Wednesday, August 13, 2008

A Cooking Lesson . . . Foot Sandwich

Do you ever get in trouble because of things you've said?
I do. Sometimes I think my diet is mainly composed of foot-sandwich.
I've had to learn to think before I speak, but more importantly, to think about who it is I'm talking with when I choose how to say what I'm thinking. You can read more about the process in a blog entry I wrote on the Hearts at Home website.

It's no surprise that Scripture encourages us to be careful about what we say as well as how we say it. James is blunt: “the tongue is a little member and boasts of great things. How great a forest is set ablaze by a small fire!” (James 3:5)
But Scripture also encourages us to remember that “a word fitly spoken is like apples of gold in a setting of silver,” (Proverbs 25:11) and that “A soft answer turns away wrath, but a harsh word stirs up anger.” (Proverbs 15:1)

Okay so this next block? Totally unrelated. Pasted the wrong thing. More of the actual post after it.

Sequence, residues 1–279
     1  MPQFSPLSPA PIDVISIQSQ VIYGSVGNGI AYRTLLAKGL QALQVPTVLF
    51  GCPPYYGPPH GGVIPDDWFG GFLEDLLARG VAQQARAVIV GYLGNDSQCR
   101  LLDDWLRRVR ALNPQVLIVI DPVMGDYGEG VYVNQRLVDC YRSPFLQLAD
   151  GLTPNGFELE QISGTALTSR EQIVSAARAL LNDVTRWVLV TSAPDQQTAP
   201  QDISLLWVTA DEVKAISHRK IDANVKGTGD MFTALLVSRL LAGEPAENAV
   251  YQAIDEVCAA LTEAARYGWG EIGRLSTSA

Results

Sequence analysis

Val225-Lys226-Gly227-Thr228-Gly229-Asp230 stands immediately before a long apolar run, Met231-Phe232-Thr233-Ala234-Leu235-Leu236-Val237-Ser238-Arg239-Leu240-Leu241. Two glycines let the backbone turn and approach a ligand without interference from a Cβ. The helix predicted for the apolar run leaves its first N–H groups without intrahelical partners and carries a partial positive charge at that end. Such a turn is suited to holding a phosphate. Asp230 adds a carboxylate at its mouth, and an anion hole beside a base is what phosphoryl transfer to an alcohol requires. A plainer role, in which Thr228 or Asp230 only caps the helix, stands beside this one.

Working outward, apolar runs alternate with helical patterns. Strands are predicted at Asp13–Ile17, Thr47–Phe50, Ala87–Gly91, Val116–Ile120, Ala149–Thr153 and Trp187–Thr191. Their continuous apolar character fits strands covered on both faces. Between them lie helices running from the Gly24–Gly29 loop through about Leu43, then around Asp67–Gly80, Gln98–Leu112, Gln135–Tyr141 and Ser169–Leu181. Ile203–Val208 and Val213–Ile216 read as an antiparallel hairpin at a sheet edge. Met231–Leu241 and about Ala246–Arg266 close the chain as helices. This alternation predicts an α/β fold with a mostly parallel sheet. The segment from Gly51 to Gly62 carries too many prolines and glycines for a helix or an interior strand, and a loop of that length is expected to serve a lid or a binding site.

How we choose the words we use makes a difference in whether or not a situation is “set ablaze” or not; our words can help to “turn away wrath” as beautifully as “apples of gold in a setting of silver.”
I think this applies to situations as diverse as talking with a toddler or dealing with a clerk who is rude to us. How we respond verbally sets the tone for that interaction -- and it reveals a lot about us and how seriously we practice the faith we claim.
James points out in his letter that we should “be doers of the word, and not hearers only.” (James 1:22) In an indirect way, he's trying to get us to understand the importance of thinking before we speak, considering who it is we are talking to, and letting our words reflect our faith. Then -- we need to act on what we've said: it's not enough to murmur gracious words if there's no gracious action to follow!
I want my words to reflect my faith, to be seasoned with the salt of the gospel, to be gracious, nutritious and delicious.
I think that would be much tastier than foot-sandwich!

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